The Eye of the Beholder (a homage to Georges Perec)

The person formally known as me recently watched a Tehran-set horror feature on my laptop. He stretched out on the bed, head cradled by a feathery softness (but safely supported by a sturdy headrest), feet abroad, off on hols. He purchased the bed from a popular company out of Sweden. The company had made an Absolut Fortune from the sale of beds, sofas, tables, wardrobes, pouffes, bookcases, drawers, coat racks, rugs, mugs: the works. There you could buy all you would ever need to make a faux-elegant but homey home at a reasonable cost (they had recently set up shop where he dwelled, a small, northern European state by the sea (the pattern of the flag uses three bands, yellow for sun, green for land and red to denote blood, because an abundance has been shed over the years). The country stands between two other small coastal states of comparable land mass and culture.

He loved the bed, the comfy mattress, the way the foam cleverly read the contours (some would say slender, others stout) of the body. But now he was all eyes for the lead actress. She was a rare beauty. No sooner had the story begun than he was besotted. He watched her spellbound, followed her raptly (some would say ogled). He hoped she would reveal more of herself but the story was set to the backdrop of the brutal war that raged through the 1980s between Tehran and Baghdad (partly a proxy war between the USA and Moscow). He knew he would never get to know her true contours; there would be no flash of flesh, no bust-out of breast, no cheap money shots of any currency. No matter! After half an hour he was wholly enamoured of the woman. Her face was a work of art, elegant but strong, sensuous but contemptuous of the goggly male gaze. The story (some nonsense about malevolent supernatural forces that harass her, a stay-at-home mum, because her absent husband, a doctor drafted off to war, never supported her dream to be a doctor after she was expelled from the faculty, all because she waved a few angry placards about and went on a few marches, he’s no good for her, that husband of hers, he’s not there for her when she most needs the support, such as now, as those ghosts torment her and her daughter, although we don’t actually see them, the buggers only appear cloaked as bed sheets, those hoary hustlers, them no-good rustlers, although the woman from the next floor down swears the spooks are real because the Quran refers to them) was by the by.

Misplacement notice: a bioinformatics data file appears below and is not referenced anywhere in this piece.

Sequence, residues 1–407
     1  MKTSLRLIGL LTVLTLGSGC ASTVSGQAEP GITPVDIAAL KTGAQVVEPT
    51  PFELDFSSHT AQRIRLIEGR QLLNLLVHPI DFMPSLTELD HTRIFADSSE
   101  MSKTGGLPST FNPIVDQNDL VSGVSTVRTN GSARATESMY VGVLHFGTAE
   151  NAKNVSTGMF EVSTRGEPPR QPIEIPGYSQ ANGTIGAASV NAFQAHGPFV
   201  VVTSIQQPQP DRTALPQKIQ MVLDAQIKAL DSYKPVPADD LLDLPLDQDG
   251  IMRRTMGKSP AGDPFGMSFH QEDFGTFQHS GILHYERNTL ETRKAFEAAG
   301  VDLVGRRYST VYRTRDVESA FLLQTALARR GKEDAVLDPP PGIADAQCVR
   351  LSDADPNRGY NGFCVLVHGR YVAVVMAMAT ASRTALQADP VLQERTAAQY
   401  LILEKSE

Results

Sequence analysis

Although he loves her, and wants to be corporeally and legally bound to her, he feels he may become a tad annoyed by her constant workouts. She has a tape of Jane Fonda, queen of the workout, even though the feared secret agents of the state do not trust people who own a VHS, that clunky source of moral degeneracy and revolt. But the spooks need not worry about my beloved, she’s only focused on her abs and her buns, look at all that sweat, there’s not a pamphlet or placard to be seen. Jane herself was once an outspoken opponent of war before she became better known as a health guru. She neglected to see, however, that her newfound role as body-maker and butt-shaper would not pave the (shag-carpeted) way to female freedom. On the contrary, there was a cultural backlash to the heady days when women seemed, at long last, to be almost equal to men. We do not mean wages or other legally adjustable gauges but, rather, a general outlook that accords women the respect they deserve. Barbarella, once a shocker, now resembles a dowdy prude compared to the newly “empowered” women who thoughtlessly subvert language to such a degree that whole careers can be founded on leaked sex tapes. Never has there been such flagrant rancour towards women, as the web abundantly attests, through personally targeted abuse, demented harangues and even the threat of rape. Never before have so many women been duped by the bankable propaganda of how they should look; where once they worked out before the TV, now they undergo surgery on the pudenda (from pudēre, to make or be ashamed) as though the folds that protrude out of the vulva were a defect (they are the norm), they bleach asses, they destroy elegantly arched and crooked noses, to name but a few of the ways they deform themselves. We fully support a program that places the vulva at the vanguard of a new awareness, one that has to tackle the plague of body shame that has engulfed modern culture.

As Jane pranced about, resplendently bendy, a spandex-clad sage for the age, my woman followed her steps, aped her every move, not so much to have a well-toned body, but to sweat out her anger at her husband and her fear of the supernatural forces that were unleashed when a bomb landed (unexploded) on the roof of the apartment block. Women today are haunted not by ghosts but by corporeal standards of beauty that are laughably supernatural. A woman concealed by the Burqa and an “empowered” western woman masked by a dense layer of make-up; both are puzzles wrapped up as a mystery.

Sadly, the woman abandons me as soon as the story concludes (she defeats the baleful bed sheets, clearly not a metaphor for the Burqa or for zealotry among Moslems). There won’t be any church bells or vows of eternal loyalty, no legal papers that allow us to be the chattels of one another. As for myself, an array of spectres haunt my lonely, creaky old home. Some are undocumented refugees from the beyond that are after my resources; some are scaremongers that gleefully tell me the future looks bleak; some are tortured souls that enjoy my company; one succubus adores my mattress and the way the foam cleverly conforms to the voluptuous naught of her. Her non-presence upsets my sleep but her puckered non-vacuum calls out to me nonetheless. One way or another, death always looms over me.

 

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